Tamara Toles O'Laughlin
When she was a young girl in the 1980s, Tamara would tag along with her parents to community meetings and town halls across New York. She would listen intently as her mother, who worked for the local department of environmental protection, conducted blunt exchanges beneath the clamor and debate and shook hands over promises. Mom was an expert in the bureaucratic chess match: she knew who to speak to about what, who worked for the people and who for a favor. Her father was a man of the people, a bigger-than-life problem solver known for his word and his work in community. They got things done.
As a college student, Tamara volunteered as a door-to-door canvasser in Harlem. While working for a statewide anti–death penalty campaign, Tamara began to realize that she occupied a unique spot in the activist world. Many of her fellow canvassers were white and middle-class, and they didn’t understand why the neighborhood “didn’t seem to care.” But Tamara knew that, far from not caring, most of the people whose doors they knocked on were in the middle of living it. Many of them had family or friends in prison, and they didn’t have time to read up on the stats or hand out leaflets––they were too busy working to make up for that lost income and scraping together hard-earned cash to send to their incarcerated loved ones.
Tamara felt the frustration on both sides, and saw how the disconnect was limiting the movement. That divide became even clearer as Tamara moved toward her parents' mantle and began working in the environmental movement, for both people and the planet. As a righteously raised Black girl, she knew her history––that her ancestors had stewarded the earth long before what passed as the modern environmental movement. That movement was built in the image of its white male benefactors: resourced, determined, and driven, yes, but blind to their own class ignorance and racial prejudice.
Tamara attended the “crunchiest granola law school” on the planet, aiming to get credentials that passed muster with the environmentalist old guard. As soon as she graduated, she put her double-consciousness to work, asking questions that didn’t usually appear in environmentalist spaces: Why didn’t protestors who were willing to go to jail protecting trees or stopping pipelines feel like they had anything in common with people who went to jail for protesting police brutality? Why was it okay to demand the government invest in renewable energy, but not okay to fight alongside people wanting clean air and water as reparations?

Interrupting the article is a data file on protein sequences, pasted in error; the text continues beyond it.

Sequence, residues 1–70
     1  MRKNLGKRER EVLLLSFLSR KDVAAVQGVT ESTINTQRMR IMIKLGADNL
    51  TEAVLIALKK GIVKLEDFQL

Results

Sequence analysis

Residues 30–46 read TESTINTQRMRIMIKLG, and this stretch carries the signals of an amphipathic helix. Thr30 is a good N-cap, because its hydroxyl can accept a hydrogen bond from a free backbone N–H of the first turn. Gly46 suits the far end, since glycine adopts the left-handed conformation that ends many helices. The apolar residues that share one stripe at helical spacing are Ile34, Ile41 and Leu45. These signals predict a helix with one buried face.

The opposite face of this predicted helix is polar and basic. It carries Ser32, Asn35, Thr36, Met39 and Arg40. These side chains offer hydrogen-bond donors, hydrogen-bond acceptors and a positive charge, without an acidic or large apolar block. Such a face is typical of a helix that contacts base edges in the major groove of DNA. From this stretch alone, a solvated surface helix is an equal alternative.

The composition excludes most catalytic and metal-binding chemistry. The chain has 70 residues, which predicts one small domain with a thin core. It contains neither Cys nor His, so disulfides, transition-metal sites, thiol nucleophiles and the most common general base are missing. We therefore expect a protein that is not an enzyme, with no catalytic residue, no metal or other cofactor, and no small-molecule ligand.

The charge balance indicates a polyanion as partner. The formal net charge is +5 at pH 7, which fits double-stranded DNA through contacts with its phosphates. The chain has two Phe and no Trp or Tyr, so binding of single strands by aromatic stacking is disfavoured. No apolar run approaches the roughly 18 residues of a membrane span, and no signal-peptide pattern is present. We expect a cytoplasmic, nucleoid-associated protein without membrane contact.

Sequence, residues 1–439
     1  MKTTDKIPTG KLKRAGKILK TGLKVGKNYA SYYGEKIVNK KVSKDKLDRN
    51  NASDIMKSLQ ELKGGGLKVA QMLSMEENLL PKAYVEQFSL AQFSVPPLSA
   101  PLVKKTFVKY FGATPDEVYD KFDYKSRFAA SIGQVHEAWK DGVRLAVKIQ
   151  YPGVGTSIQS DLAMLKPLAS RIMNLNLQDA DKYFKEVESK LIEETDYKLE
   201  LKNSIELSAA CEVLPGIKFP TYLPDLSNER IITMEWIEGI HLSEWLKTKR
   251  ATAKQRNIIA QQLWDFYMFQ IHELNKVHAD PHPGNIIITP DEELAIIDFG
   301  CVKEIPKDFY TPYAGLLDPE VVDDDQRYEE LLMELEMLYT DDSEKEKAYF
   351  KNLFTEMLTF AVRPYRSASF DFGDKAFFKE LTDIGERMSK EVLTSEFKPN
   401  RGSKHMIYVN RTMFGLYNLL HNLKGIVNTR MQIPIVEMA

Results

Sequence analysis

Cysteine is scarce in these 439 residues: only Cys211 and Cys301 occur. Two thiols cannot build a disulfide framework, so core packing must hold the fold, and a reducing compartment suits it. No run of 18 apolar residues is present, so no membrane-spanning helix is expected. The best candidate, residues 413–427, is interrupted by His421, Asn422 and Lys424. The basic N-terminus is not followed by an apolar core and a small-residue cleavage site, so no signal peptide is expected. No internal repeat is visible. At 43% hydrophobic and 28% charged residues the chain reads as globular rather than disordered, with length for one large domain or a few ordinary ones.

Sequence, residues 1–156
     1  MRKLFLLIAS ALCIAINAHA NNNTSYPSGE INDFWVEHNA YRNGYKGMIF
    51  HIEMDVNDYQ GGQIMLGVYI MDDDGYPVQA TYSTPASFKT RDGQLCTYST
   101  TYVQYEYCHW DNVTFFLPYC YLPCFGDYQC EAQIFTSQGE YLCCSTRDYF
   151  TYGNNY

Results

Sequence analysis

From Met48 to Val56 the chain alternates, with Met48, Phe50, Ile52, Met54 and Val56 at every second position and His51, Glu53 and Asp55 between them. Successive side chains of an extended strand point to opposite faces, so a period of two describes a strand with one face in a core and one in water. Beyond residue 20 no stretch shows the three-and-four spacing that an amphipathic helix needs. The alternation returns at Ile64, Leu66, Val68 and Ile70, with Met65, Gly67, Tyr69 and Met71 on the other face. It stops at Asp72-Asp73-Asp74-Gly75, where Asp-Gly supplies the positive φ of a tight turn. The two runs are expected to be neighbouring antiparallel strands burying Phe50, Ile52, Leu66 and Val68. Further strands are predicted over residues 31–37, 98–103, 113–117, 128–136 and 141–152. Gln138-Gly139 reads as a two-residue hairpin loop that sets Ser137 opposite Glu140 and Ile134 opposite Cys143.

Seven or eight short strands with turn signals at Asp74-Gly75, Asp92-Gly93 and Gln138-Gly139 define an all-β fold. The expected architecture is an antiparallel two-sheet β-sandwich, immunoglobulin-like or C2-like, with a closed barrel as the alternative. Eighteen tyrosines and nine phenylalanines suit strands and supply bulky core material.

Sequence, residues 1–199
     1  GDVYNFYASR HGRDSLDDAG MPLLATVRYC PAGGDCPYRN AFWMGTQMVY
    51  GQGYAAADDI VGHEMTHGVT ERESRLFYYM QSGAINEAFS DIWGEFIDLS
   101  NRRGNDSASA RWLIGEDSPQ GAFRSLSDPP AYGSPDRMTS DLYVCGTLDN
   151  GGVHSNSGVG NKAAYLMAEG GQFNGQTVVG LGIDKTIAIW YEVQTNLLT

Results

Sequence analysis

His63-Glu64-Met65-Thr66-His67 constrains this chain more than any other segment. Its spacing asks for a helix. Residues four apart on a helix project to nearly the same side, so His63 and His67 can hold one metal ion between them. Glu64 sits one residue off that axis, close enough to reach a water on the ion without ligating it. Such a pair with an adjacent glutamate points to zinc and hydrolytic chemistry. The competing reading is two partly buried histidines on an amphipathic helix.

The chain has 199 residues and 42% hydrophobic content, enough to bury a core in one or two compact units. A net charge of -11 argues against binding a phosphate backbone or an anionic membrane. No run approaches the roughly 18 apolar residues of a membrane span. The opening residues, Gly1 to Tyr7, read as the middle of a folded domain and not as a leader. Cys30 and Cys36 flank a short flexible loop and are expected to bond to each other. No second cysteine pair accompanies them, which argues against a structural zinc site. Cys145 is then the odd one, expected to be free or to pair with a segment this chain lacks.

She asked questions in the other direction too, reaching out to Black and brown communities who were justifiably wary of foot-dragging white activist movements: Why pass the collection plate to push your kids to get an education, then react with suspicion and derision when they come back to try and change things? Why was “treehugger” such a dirty word? She refused to approach climate activism as something separate from the racial justice and gender equality her parents had fought for. She promised herself that no matter what, when her bones met those of her great-grandmother’s on the other side, she wouldn’t have to apologize for not having done all she could.
Tamara’s work made waves throughout the climate movement. In 2019, she became the North America director for 350.org, making her the first Black woman ever to lead a climate organization in the US. But even as she attained some measure of power, Tamara felt the strain of having to be everything at once: a leader, a Black woman, a climate activist, a constant ally and advocate. Her health was threatened by the work she loved, the constant stress of the climate crisis compounded by the demands of a movement driven by fear. She ground her teeth at night, lost hair and sleep to countless hours of strategizing. She lived like a ghost under the weight of the old boys' club and the exclusivity of win-at-all-costs environmental campaigning.
Tamara found renewal in talking to and learning from the elders, other Black people who were dealing with the same stress and managing to get it done (invisibly and with little to no pay) for more than 50 years. She began to see acknowledging her humanity and prioritizing rest and mental health as activism and a new model for leadership. Tamara set to work creating a totally new type of organization, Climate Critical Earth: one that served the issues of climate crisis by first serving the folks who led the fight. She called on her networks to provide more mental health support for activists, especially for BIPOC female leaders who were doing the work of fighting climate change on top of white supremacy. The only way they were going to survive, and thrive, was by supporting one another.